With 100 GBPS fiber networks spanning continents, it's good to reflect on a bit of history of how we got to this point. It was 150 years ago, on July 27, 1866 that engineers made the first permanent ocean cable crossing from Europe to North America.
The cable was laid on the Atlantic Ocean bottom from Valentia Bay, Ireland to Heart's Content, Newfoundland. Newfoundland was not a part of Canada at that time.
There were other cable crossings attempt made in 1858 and 1865 but these early efforts quickly suffered from financial problems and technical failures including cable breaks and telluric currents.
The successful cable crossing had immediate economical and political effects.
We were now able to send messages between two continents at 6-8 words per minute instead of postal delivery of 10-12 days via freighter. It was reported that the price to send a telegram was $0.0003809 per word per mile, an astonishing price reduction than hiring a ship and crew.
The speed in communication lead to faster decision making between governments and companies and was the beginning of modern intercontinental communications.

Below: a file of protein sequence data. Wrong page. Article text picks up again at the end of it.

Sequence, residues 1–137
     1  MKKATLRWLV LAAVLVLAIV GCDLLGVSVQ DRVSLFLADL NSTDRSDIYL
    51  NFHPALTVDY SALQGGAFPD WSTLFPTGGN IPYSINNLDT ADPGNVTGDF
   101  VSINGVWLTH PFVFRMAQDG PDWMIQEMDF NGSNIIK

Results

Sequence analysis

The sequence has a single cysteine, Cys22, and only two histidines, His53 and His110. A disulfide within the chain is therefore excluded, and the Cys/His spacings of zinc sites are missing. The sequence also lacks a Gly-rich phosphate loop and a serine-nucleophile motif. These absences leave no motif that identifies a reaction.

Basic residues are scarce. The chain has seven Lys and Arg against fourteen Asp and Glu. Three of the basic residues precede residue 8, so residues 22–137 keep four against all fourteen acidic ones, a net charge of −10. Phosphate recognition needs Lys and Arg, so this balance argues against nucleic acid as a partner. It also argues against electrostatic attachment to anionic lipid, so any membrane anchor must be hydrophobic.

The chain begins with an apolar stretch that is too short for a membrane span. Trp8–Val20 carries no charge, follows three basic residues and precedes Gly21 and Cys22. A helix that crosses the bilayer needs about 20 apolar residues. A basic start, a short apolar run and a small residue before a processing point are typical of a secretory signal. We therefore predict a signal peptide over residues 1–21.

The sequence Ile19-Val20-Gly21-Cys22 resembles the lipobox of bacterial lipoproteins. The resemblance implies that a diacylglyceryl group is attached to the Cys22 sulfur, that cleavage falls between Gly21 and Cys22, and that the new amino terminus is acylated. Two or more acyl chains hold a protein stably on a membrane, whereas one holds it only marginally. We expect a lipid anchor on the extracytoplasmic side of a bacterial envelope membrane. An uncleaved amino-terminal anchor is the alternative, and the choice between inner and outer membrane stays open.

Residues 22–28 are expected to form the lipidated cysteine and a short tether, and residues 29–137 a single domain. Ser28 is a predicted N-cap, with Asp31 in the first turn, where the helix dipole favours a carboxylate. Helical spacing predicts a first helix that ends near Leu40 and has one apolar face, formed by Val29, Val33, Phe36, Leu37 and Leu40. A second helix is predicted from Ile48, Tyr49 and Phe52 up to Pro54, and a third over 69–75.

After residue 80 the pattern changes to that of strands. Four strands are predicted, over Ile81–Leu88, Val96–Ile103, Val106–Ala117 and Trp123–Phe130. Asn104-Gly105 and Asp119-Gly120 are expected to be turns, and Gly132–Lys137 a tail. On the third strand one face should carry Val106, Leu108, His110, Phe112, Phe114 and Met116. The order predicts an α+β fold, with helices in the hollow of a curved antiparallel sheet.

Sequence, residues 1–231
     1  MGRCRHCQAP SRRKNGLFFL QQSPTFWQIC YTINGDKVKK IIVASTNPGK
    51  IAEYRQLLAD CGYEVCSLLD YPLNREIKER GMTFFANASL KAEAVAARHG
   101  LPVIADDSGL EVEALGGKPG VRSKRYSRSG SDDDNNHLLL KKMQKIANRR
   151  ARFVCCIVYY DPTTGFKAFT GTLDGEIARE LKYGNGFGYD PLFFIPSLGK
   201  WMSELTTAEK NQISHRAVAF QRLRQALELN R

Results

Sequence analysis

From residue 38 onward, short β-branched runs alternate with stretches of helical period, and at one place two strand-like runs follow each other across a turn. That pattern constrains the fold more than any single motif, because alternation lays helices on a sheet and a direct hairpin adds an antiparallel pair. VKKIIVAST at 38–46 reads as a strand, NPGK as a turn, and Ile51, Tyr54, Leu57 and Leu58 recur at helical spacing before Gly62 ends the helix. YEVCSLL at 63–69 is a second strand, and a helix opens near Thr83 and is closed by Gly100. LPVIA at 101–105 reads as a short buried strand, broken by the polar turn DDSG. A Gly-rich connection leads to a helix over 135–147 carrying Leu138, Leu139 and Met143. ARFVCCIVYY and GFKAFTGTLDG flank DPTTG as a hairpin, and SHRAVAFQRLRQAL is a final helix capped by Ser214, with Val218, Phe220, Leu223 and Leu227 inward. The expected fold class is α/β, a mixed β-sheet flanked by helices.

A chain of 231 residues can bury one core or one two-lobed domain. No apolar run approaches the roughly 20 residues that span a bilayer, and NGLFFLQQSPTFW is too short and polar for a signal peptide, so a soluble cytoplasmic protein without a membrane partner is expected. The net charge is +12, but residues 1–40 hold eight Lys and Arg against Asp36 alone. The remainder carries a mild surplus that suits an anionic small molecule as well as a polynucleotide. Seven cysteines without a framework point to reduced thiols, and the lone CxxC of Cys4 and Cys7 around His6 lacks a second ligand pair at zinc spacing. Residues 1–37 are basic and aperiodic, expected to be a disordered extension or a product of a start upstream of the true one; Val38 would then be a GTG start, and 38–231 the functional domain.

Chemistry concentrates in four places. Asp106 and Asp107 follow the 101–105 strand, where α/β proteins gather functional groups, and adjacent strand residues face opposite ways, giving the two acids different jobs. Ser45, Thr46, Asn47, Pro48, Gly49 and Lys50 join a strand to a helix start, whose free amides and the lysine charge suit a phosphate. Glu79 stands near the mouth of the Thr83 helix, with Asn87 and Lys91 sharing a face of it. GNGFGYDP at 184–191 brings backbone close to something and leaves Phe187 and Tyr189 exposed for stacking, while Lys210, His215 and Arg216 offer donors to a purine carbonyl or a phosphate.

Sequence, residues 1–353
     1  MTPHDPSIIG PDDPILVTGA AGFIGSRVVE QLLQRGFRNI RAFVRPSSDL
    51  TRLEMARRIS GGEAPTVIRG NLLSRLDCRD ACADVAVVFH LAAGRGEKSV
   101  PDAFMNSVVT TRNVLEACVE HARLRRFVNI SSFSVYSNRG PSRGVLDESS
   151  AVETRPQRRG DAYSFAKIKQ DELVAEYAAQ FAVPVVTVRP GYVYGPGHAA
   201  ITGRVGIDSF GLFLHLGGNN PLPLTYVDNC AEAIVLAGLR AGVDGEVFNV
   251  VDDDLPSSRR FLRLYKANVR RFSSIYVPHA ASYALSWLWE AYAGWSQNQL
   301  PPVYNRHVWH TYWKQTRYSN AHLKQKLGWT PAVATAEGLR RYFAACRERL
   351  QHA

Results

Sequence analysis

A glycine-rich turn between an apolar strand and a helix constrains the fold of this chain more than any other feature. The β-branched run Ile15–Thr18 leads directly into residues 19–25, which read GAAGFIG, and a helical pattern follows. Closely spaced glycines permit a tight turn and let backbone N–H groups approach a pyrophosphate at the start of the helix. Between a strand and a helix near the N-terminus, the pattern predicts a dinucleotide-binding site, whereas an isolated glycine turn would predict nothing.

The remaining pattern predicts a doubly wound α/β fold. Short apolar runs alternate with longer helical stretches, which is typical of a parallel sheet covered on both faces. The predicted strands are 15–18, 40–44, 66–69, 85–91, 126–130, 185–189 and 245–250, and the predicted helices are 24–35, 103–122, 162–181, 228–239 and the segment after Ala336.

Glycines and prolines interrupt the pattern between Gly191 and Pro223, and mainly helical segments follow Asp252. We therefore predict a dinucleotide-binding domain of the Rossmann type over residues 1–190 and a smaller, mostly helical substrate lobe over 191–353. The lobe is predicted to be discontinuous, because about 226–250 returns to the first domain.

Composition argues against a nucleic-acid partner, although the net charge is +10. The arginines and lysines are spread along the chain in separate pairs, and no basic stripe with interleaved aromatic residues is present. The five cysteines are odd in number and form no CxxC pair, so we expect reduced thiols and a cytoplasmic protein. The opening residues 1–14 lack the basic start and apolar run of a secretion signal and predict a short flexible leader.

Using the 'digital' communications scheme called Morse Code, the signal was able to travel the length of 1,852 nautical miles (3,430 km) under the ocean. A remarkable achievement in communication history.
The telegraph was one of the first electronic means that allowed us to communicate over long distances. Today, fiber communication networks span the world with submarine cable crossings.
Communication networks are fast, cheap and reliable. The engineering is a bit more complex than 1866 but not more complicated. With so many technical choices, clients can now have a customized communication system specific to your needs, budget and future growth.
In the late 1800's, the British empire was linked with ocean-going telegraphic cables linking Europe with the North America and India. Security was done by geography, namely laying cable in friendly waters. Today, communication security is also based on cable location but corporate communication networks and industrial communication networks require more advanced methods of security.
In our modern age, it's increasingly important to ensure the safety and security of our communication networks.
For instance, pipeline companies use fiber optics, wireless and even dial-up modems to interface their remote PLC-based systems. These networks need to be hardened from a software and a hardware perspective to protect the integrity of their data and control sequences.
Communication network are the largest machine every built by human beings, one that spans all continents except Antarctica. Thank you to all of the numerous dreamers who believed in and delivered the impossible and made our lives better.